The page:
mon 09/12/2019

Extract: Are You There, Crocodile? | reviews, news & interviews

Extract: Are You There, Crocodile?

Extract: Are You There, Crocodile?

From Michael Pennington's acclaimed study of Anton Chekhov

'It is impossible to lie in art': Anton Chekhov

In a life so short it is always a shock to remember the fact. Chekhov lost more friends than most people do by 60, but he has gained hundreds of thousands who love that fugitive figure, its guardedly attentive attitude, the merciless word in the right place, the moral force lightly carried: one thinks of him in the most unexpected corners of life.

Unavailable to account for himself, he has become the invention of his admirers, who may prefer him wary or exuberant, skittishly lyrical, coldly severe, charming or implacable, walking like a girl or tough as old boots. Some get excited by the new Chekhov, now those old-maidish Soviets have got their hands off him to reveal warts on the familiar face: all this does to others is prompt a smile. For what could be more natural for a man with delicate physical difficulties in a barbarous age than to complain daily to his sister about the water closets; and for a consumptive whose euphoria turned erotic at inconvenient times, what more natural than to exploit his new-found fame in Moscow’s green rooms or to turn down an alley in a Siberian town? None of this affects our enthusiastic co-opting of his spirit.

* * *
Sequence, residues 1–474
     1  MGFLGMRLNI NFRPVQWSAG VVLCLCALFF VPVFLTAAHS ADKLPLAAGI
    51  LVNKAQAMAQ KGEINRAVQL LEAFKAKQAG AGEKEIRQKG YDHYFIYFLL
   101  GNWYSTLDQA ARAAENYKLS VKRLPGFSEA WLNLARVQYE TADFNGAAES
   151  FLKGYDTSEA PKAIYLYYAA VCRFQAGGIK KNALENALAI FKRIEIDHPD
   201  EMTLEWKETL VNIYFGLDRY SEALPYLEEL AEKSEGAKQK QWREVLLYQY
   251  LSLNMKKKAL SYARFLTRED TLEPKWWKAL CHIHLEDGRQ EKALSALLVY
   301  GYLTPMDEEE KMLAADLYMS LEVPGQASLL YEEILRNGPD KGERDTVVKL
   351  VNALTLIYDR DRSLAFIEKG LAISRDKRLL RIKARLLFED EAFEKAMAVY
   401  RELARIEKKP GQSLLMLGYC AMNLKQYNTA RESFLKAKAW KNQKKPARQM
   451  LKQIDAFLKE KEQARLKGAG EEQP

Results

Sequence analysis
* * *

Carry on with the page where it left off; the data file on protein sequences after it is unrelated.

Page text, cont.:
CrocodileIt certainly is the case that in Chekhov’s company it becomes easier to live something like a good life, in which his responses – tactful, candid or tolerant – become your own. His voice doesn’t need to be loud or consistent: he believed that life demands constant work, day and night, and to hell with the rest, but he also, asked for its meaning, said it was the same as with a carrot – it’s just a carrot, and that’s all we know. He passionately believed in his profession, and that man would only improve when he was shown what he was really like:

Most of all, dear friend, you must not lie, it’s impossible to lie in art. You can lie in politics, even in medicine; you can deceive other people and even the good Lord himself, but it is impossible to lie in art.

But he is equally inspiring in a whisper:

Please greet the lovely hot sun from me, and the quiet sea. Enjoy yourselves, be happy, don’t think about illness and write often to your friends.

In Chekhov’s company it becomes easier to live something like a good life, in which his responses – tactful, candid or tolerant – become your own

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